New Jersey Rail Tunnel Needs Tighter Oversight, Federal Document Says

New Jersey began its stalled $8.7 billion rail tunnel without proper oversight and faces “significant risk” of overruns, according to a document from the U.S. Transportation Department inspector general’s office.

Former Governor Jon Corzine’s administration should have hired a private-sector inspector general to oversee the project when it commenced work in September 2009, the federal officials said in a May 17 report that a state lawmaker released today. Corzine, a Democrat, gave Comptroller Matthew Boxer that responsibility.

Republican Governor Chris Christie on Oct. 7 ordered work halted, saying the project might end up costing $14 billion. Under the original plan, the federal government and Port Authority of New York & New Jersey each were to pay $3 billion for the work, and the state $2.7 billion. Christie said state taxpayers would be “on the hook” for anything more.

New Jersey Transit started the project “despite the benefits and widespread use of integrity monitors in New York and New Jersey,” Joseph W. Come, assistant inspector general for surface and maritime program audits at the Transportation Department, said in the memo. “Based on our years of monitoring major construction projects in the area, we believe NJT should reconsider its decision.”

The Federal Transit Administration’s “decision to award an early systems work agreement may keep the project within budget and on schedule but it is not without significant risk,” Come wrote, without estimating how much the project may go over budget.

Adding it Up

The memo was among more than 150 pages of documents the Christie administration released to Assembly Transportation Chairman John Wisniewski, a Sayreville Democrat who has opposed the governor’s decision, after a public-records request. Wisniewski said the documents don’t support the overruns of as much as $5 billion Christie cited in stopping the project, known as Access to the Region’s Core.

The governor’s spokesman, Michael Drewniak, said the documents were the first of many that will be released on a “rolling basis.”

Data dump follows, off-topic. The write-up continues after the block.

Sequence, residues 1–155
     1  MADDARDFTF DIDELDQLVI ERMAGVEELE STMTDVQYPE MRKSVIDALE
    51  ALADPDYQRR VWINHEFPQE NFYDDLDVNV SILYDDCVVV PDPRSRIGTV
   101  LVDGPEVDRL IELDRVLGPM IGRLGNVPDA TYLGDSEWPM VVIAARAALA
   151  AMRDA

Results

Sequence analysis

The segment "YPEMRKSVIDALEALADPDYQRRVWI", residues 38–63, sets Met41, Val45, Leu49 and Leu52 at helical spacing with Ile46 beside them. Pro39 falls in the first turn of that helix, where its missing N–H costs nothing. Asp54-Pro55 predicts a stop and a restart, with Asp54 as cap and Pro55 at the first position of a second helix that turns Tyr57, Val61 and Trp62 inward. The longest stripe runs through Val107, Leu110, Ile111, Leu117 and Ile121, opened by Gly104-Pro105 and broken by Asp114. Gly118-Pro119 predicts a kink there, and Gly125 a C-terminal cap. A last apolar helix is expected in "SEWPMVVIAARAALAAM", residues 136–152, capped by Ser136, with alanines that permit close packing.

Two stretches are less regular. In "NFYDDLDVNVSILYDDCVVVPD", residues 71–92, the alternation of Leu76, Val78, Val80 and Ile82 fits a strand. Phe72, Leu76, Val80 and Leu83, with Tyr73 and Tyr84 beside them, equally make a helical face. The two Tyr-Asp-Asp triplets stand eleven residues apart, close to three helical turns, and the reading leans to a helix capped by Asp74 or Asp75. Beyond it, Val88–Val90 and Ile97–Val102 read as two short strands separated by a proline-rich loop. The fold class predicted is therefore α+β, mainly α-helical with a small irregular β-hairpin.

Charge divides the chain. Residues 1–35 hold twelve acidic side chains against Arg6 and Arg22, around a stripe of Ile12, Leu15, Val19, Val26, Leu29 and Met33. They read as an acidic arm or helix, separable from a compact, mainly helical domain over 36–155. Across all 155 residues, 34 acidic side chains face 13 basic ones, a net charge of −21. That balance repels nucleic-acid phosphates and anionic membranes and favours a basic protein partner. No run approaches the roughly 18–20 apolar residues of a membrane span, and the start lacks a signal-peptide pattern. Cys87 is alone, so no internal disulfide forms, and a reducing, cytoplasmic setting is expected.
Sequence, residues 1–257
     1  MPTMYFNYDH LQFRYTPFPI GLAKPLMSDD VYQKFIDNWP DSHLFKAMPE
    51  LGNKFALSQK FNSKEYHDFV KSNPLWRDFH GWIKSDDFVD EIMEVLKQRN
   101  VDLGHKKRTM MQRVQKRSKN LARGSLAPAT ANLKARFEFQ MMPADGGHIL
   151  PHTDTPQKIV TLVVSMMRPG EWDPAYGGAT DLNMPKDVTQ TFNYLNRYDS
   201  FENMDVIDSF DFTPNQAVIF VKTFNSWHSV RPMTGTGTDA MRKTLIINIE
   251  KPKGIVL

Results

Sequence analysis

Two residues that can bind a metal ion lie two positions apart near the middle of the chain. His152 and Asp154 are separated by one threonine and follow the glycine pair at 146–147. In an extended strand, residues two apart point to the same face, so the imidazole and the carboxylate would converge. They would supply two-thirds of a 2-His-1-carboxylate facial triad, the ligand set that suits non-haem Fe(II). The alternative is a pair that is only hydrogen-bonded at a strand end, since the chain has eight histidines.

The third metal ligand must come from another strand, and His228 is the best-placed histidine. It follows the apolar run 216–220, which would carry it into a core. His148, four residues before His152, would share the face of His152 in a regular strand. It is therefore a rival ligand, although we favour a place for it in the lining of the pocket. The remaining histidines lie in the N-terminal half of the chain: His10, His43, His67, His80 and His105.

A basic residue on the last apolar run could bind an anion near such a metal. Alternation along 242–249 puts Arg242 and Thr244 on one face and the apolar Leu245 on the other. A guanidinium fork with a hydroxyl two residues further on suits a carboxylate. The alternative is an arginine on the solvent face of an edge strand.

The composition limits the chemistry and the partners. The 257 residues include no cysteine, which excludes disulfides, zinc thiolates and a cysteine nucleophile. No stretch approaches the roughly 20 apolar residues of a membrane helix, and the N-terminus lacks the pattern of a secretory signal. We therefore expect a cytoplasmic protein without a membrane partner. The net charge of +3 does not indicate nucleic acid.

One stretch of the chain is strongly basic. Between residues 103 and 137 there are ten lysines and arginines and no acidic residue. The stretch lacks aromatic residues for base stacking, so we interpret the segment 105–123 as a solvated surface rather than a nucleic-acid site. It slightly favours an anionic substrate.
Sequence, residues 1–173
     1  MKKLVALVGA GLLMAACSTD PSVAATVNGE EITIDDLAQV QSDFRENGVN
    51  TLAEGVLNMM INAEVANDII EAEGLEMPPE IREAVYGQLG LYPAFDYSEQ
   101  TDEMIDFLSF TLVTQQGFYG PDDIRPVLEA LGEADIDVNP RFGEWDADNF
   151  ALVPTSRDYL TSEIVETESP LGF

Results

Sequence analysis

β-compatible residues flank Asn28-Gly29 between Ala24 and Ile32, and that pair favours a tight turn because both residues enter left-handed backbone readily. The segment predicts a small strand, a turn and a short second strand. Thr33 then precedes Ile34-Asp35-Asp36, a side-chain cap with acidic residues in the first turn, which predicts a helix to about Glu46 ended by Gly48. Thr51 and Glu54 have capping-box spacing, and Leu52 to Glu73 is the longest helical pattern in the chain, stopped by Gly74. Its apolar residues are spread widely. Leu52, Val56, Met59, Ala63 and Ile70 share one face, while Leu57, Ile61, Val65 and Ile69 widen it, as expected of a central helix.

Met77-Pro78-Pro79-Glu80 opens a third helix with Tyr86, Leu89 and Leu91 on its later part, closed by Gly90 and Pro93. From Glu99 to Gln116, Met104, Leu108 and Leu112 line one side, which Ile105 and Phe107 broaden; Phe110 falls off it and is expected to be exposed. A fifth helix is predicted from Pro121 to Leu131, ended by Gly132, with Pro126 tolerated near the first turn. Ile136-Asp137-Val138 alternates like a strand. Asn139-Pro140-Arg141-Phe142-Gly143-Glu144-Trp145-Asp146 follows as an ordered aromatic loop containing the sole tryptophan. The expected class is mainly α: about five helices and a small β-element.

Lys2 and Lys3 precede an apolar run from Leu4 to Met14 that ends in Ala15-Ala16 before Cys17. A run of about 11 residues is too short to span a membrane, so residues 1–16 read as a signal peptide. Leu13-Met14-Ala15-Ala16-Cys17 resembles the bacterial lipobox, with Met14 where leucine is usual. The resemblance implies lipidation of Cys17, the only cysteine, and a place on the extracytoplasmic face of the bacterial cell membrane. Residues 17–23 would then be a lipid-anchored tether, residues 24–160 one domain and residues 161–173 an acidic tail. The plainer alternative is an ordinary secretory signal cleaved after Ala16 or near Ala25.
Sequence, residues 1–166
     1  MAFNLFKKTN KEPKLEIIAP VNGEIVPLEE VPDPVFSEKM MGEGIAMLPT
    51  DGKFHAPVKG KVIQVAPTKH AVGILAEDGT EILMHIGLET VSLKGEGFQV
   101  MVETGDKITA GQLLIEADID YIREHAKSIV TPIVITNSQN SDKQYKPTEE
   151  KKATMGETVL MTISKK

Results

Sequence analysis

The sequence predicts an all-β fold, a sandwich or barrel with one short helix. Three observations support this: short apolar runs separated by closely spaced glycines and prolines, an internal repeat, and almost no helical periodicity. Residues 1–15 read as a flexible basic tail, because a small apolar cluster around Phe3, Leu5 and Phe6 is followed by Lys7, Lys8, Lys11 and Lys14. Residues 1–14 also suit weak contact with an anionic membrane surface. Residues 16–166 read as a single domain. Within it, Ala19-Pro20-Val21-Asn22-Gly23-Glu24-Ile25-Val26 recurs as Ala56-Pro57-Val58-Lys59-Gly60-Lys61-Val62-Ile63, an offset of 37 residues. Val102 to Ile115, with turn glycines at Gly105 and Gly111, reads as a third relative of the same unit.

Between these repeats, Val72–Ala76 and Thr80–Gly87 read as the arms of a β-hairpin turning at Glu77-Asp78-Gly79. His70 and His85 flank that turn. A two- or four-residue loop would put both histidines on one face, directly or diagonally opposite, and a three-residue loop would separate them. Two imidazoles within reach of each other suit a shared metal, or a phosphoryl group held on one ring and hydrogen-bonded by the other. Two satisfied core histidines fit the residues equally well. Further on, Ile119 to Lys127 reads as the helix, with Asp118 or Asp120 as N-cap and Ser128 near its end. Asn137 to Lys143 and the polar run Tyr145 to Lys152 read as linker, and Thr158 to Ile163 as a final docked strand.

The report was “among the red flags for the governor,” Drewniak said in an interview.

Calvin Scovel, U.S. Transportation Department inspector general, announced in March that he planned to audit FTA oversight of projects in and around New York. The projects to be scrutinized included the Metropolitan Transportation Authority’s Fulton Street Transit Center, Second Avenue Subway and East Side Access projects, all of which received money from President Barack Obama’s economic stimulus-package.

‘Thin Air’

Olivia Alair, a Transportation Department spokeswoman, declined to comment on the report. David Wonnenberg, a spokesman for the inspector general’s office, didn’t immediately respond to a telephone call and e-mail seeking comment.

Federal officials never justified Christie’s estimates of as much as $5 billion in overruns, Wisniewski said in a statement.

“That claim seems as though it was simply pulled out of thin air by the governor,” the lawmaker said. “The governor is risking New Jersey’s economic future with numbers that, at least according to these documents, have no basis in reality.”

To contact the reporters on this story: Terrence Dopp in Trenton, New Jersey, at tdopp@bloomberg.net; Angela Greiling Keane in Washington at agreilingkea@bloomberg.net.

To contact the editor responsible for this story: Mark Tannenbaum at mtannen@bloomberg.net.

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